(From a story told by my friend Lucky Gipe)

Kevin had just gotten a new pickup. He was really happy about it, too. It wasn’t that he hadn’t ever had a pickup before. But his last one had been so big and taken so much gas that he could hardly afford to drive it. This new one was much smaller and was advertised as getting over thirty-five miles to the gallon. He planned to drive it everywhere.

Kevin loved the convenience of having a pickup. If a person wanted to stop by and get some lumber, they could do it without deciding how they could get it inside or on top like he had to do when he drove his wife’s compact car. He might have to lash everything down in the pickup, but he kept plenty of straps for that purpose.

Another thing he liked about his smaller pickup was that putting things in and pulling them out was easier. His previous one was so high that he had to lift items to his shoulders to get them inside the truck’s bed. That might be okay for something small, but one day his wife bought a beautiful desk and asked him to haul it home. It weighed a ton, and he felt that he would have a hernia by the time he got just one end of it up on the back of his truck.

Kevin was just finishing work when his wife called. “Honey,” she said, “could you pick up the girls from piano lessons and then stop at the grocery store for some milk on the way home?”

Kevin smiled. Even though his pickup was small, it had a second bench seat. It may not have been the roomiest, but he could still take his two daughters with him when he went places. He agreed to the request and soon had his daughters in the pickup with him. When he stopped at the grocery store, the two girls begged to go play in the park that was across the store’s parking lot.

It was a nice, safe, family park, so Kevin decided it would be okay, especially since he would only be a minute getting the milk. He returned shortly, and since the girls were having so much fun, he just set the milk beside him on the bench and watched them play. After they had played for a while longer, he told them they really should get on their way. One more time down the slide for each of the girls, then they headed to the pickup.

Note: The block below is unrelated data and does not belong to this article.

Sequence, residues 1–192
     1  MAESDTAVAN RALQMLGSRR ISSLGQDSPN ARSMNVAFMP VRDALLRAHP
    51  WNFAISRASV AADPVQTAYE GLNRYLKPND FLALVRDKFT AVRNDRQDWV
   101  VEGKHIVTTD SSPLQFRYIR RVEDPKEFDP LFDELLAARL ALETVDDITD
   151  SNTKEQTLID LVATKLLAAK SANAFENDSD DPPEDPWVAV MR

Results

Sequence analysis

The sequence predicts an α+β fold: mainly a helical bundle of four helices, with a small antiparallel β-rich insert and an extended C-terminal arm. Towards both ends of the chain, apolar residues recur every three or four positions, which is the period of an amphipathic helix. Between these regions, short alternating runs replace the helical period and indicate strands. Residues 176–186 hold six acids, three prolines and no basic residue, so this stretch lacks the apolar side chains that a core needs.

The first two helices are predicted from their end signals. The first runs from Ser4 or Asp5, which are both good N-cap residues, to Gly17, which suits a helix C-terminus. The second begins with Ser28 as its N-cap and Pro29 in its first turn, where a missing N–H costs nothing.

When they got there, Kevin was shocked at what he saw. Having had a pickup before, he was used to people going by and throwing things in the back. It was annoying, but it didn’t surprise him anymore. But what was in the back this time did surprise him. There were two beautiful black labs sitting there.

The dogs were friendly, and soon the girls were petting them and smothering them with attention. “Look, Daddy,” his youngest daughter said, “they must want us to adopt them.”

Kevin was bewildered but didn’t know what to do. He asked a few people in the park about it. The dogs visited the park often. People said the dogs were friendly and loved being petted, but no one knew who their owner was.

As Kevin pondered what to do, suddenly, a man in a small pickup, just the make and model of Kevin’s, pulled up. The man stepped out and called, “Jake, Jack, wrong pickup!”

The two dogs jumped into the man’s pickup, and the man apologized. “I’m sorry about that. They like to go to the park and play but have always come home. I think they saw your pickup and decided it was mine. When they didn’t come home, I came to get them.”

They all had a good laugh, but one of Kevin’s daughters asked how the dogs could mix up the pickups when one was red and one was blue. “Dogs are color blind,” the man said.

The man left, and Kevin took his daughters home. But it wasn’t the last time he and his girls stopped at the park and found the dogs sitting in the pickup when they were ready to leave. Kevin and the girls grew fond of the dogs, and the dogs returned the affection.

Kevin decided that was an added bonus of the new pickup, but it was one he would have never guessed when he bought it.